Two newly discovered groundwater sources could slake the thirst of a volcanic region of Kenya and vitalize the drought-prone area's economy.
The aquifers lie beneath the Turkana and Lotikipi basins in northern Kenya and together hold 250 billion cubic meters of water, reported the BBC. Kenya only uses approximately 3 billion cubic meters per year. All that extra water could ease the suffering of the 17 million Kenyans who lack access to safe water.
Although Lake Turkana is the largest desert lake in the world, it is also the world's largest alkaline lake, and the high levels of fluoride in the water make it unsafe for consumption. Still, many in the region drink the lake water to survive despite its debilitating health effects.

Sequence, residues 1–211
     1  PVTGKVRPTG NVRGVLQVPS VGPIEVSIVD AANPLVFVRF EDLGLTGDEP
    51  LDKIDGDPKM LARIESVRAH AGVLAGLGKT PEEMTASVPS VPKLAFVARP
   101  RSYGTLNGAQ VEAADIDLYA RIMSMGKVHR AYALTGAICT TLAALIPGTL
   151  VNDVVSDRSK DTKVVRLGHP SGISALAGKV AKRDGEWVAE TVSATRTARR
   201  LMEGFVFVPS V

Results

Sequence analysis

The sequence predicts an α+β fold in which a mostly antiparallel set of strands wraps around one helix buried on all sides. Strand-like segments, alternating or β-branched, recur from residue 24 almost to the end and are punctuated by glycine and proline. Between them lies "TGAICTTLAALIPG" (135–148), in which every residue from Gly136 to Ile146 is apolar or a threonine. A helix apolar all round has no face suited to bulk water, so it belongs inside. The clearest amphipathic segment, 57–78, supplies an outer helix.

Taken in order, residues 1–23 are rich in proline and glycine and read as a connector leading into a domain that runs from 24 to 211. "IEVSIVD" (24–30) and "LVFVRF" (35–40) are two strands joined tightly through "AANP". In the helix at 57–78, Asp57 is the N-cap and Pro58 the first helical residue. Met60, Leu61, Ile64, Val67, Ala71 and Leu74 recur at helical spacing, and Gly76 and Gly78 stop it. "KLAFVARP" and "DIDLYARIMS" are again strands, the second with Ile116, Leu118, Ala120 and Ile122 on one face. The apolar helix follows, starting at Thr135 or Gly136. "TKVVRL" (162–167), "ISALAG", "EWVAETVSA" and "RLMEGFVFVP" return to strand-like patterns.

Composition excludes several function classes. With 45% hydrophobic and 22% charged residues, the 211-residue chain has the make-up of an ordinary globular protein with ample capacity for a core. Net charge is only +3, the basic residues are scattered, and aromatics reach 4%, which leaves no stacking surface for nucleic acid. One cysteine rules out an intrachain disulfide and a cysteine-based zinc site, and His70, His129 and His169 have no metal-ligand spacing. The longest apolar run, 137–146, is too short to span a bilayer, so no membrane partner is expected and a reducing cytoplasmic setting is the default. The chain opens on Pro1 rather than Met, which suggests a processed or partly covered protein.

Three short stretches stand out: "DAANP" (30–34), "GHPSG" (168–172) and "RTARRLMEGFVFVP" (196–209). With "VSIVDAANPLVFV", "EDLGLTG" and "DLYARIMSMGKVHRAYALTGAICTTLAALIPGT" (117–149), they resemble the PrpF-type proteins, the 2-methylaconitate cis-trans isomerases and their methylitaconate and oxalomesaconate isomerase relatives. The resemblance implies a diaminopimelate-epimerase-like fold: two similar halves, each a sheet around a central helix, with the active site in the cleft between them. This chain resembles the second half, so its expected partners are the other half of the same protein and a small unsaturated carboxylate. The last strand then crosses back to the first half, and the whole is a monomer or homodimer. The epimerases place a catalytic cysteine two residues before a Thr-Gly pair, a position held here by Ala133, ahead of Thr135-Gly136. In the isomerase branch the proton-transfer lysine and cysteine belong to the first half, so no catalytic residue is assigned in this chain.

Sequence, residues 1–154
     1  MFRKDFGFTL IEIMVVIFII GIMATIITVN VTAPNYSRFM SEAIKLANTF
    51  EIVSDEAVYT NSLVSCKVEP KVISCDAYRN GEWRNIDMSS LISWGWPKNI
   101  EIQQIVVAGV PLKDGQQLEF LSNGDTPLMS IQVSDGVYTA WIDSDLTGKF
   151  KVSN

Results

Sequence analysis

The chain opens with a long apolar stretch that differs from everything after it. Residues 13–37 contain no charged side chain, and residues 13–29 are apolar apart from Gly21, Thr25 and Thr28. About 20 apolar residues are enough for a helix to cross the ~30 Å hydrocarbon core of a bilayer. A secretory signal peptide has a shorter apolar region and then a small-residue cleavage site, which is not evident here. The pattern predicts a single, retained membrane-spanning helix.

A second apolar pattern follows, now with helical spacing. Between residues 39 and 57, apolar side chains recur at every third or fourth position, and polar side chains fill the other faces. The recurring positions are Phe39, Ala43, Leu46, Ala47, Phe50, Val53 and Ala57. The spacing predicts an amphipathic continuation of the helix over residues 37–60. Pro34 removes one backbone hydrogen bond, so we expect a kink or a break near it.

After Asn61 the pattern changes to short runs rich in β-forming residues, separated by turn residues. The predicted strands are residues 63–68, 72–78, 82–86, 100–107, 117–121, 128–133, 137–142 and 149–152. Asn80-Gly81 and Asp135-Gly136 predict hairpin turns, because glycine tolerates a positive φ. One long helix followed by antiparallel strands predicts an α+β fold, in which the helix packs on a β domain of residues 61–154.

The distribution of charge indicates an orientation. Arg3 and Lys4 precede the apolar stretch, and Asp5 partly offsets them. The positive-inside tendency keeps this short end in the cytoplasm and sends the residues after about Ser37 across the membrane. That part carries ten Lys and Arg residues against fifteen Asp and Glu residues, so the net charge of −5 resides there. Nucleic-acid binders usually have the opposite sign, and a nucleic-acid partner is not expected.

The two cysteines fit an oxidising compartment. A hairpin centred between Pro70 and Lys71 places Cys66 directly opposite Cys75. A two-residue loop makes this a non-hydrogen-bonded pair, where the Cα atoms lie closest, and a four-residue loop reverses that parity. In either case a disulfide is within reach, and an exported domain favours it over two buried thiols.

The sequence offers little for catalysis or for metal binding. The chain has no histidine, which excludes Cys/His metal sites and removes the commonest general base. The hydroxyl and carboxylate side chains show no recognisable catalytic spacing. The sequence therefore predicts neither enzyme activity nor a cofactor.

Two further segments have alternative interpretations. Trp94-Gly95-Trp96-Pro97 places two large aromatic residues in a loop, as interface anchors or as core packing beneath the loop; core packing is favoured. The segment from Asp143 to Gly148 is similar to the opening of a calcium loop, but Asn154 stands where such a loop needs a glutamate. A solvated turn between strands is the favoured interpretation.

Last year, the region suffered from a drought that killed much of the livestock, which the residents depend on for food. Those who survived the immediate threat of starvation are struggling now to replenish their herds.
ANALYSIS: Rural Areas In India Getting Water ‘ATMs'